everything by it ? he nothing except so far as it is his own will that we should gain what he desires to bestow upon us.? In this last clause we find the acknowledgment of weariness in the theory that God?s supreme end is the good of his creatures. God does gain the fulfillment of his plan, the doing of his will and the manifestation of himself. The great painter loves his picture less than he loves his ideal. He paints in order to express himself. God loves each soul, which he creates, but he loves yet more the expression of his own perfections in it. And this self-expression is his end. Robert Browning, Paracelsus, 54 ? ?God is the perfect Poet, Who in creation acts his own conceptions.? Shedd, Dogmatic Theology, 1:357, 358; Shairp, Province of Poetry, 11, 12.

God?s love makes him a self-expressive being. Self-expression is an inborn impulse in his creatures. All genius partakes of this characteristic of God. Sin substitutes concealment for outflow, and stops this self-communication which would make the good of each the good of all. Yet even sin cannot completely prevent it. The wicked man is impelled to confess. By natural law the secrets of all hearts will be made manifest at the judgment. Regeneration restores the freedom and joy of self- manifestation. Christianity and confession of Christ are inseparable. The preacher is simply a Christian further advanced in this divine privilege. We need utterance. Prayer is the most complete self-expression, and God?s presence is the only land of perfectly free speech.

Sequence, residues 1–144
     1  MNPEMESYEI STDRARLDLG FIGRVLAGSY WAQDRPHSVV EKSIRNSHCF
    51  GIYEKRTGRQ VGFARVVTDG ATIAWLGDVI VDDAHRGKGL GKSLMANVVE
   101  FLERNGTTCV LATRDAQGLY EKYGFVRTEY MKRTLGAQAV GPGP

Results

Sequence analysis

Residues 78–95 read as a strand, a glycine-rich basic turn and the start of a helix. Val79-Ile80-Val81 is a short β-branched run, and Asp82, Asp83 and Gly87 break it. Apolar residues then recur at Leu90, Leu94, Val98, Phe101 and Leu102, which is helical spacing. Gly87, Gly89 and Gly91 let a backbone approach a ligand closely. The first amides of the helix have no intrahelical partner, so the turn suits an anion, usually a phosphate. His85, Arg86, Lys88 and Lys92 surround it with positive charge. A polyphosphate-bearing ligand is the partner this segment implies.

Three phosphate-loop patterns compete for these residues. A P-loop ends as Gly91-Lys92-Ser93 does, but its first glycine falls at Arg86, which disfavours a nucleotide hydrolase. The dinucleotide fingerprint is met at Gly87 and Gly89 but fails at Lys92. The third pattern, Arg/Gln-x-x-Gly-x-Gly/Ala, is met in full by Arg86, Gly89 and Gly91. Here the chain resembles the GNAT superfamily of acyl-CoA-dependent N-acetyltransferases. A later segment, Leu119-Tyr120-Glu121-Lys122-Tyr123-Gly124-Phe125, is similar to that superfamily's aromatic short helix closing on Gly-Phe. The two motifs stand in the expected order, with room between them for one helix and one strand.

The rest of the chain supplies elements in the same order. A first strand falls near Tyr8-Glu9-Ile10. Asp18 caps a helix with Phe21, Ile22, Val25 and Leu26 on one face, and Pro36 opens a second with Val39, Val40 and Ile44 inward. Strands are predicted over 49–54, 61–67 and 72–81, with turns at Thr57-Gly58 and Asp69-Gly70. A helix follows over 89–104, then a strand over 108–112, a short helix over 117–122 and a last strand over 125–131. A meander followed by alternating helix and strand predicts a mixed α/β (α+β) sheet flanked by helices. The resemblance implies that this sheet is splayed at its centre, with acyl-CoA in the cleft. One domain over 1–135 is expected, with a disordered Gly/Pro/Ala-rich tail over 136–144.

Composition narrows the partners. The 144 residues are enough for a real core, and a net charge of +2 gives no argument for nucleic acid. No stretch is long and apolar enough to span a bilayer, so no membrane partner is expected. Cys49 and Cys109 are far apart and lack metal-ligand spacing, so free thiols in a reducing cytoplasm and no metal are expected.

The great poet comes nearest, in the realm of secular things, to realizing this privilege of the Christian. No great poet ever wrote his best work for money or for fame or even for the sake of doing good. Hawthorne was half-humorous and only partially sincere, when he said he would never have written a page except for pay. The hope of pay may have set his pen a-going but only love for his work could have made that work what it is. Motley more truly declared that it was all up with a writer when he began to consider the money he was to receive. But Hawthorne needed the money to live on, while Motley had a rich father and uncle to back him. The great writer certainly absorbs himself in his work. With him necessity and freedom combine. He sings as the bird sings, without dogmatic intent. Yet he is great in proportion, as he is moral and religious at heart. ?Arma virumque cano? is the only first person singular in the ^neid in which the author himself speaks yet the whole ^neid is a revelation of Virgil. So we know little of Shakespeare?s life, but much of Shakespeare?s genius.

Nothing is added to the tree when it blossoms and bears fruit; it only reveals its own inner nature. But we must distinguish in man his true nature from his false nature. Not his private peculiarities, but that in him,

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